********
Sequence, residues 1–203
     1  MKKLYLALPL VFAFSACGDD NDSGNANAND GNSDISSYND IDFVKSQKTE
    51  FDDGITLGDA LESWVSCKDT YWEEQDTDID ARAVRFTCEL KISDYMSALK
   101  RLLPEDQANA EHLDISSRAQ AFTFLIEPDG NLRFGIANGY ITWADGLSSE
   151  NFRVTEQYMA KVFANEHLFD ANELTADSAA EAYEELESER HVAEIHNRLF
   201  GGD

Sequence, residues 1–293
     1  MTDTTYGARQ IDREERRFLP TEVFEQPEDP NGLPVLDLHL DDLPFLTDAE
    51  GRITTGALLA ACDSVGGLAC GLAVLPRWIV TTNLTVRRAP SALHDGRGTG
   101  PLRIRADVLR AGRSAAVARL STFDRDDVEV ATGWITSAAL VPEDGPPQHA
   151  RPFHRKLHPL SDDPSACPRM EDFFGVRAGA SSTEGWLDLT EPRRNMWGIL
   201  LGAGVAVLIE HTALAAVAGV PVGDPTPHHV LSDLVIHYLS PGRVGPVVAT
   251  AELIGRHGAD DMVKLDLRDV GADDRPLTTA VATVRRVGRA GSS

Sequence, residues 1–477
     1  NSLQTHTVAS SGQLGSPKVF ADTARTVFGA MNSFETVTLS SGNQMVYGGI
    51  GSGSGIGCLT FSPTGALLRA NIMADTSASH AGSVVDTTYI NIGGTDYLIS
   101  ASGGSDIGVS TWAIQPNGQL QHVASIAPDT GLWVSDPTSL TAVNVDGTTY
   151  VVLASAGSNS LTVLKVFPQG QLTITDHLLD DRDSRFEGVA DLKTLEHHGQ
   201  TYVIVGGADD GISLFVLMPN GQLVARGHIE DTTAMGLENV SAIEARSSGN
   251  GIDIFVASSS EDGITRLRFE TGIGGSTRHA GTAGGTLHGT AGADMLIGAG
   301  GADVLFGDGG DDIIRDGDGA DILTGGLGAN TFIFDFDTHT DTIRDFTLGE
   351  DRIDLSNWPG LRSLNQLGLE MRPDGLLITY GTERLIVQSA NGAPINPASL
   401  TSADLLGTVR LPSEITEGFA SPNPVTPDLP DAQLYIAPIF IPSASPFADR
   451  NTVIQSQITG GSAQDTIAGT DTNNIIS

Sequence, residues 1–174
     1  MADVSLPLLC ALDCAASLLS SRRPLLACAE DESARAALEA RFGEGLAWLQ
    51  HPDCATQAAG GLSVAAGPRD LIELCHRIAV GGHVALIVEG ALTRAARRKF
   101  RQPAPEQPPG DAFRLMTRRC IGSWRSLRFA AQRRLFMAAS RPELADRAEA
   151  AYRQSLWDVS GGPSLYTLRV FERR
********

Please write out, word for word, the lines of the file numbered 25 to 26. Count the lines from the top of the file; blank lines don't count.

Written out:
Sequence, residues 1–174
     1  MADVSLPLLC ALDCAASLLS SRRPLLACAE DESARAALEA RFGEGLAWLQ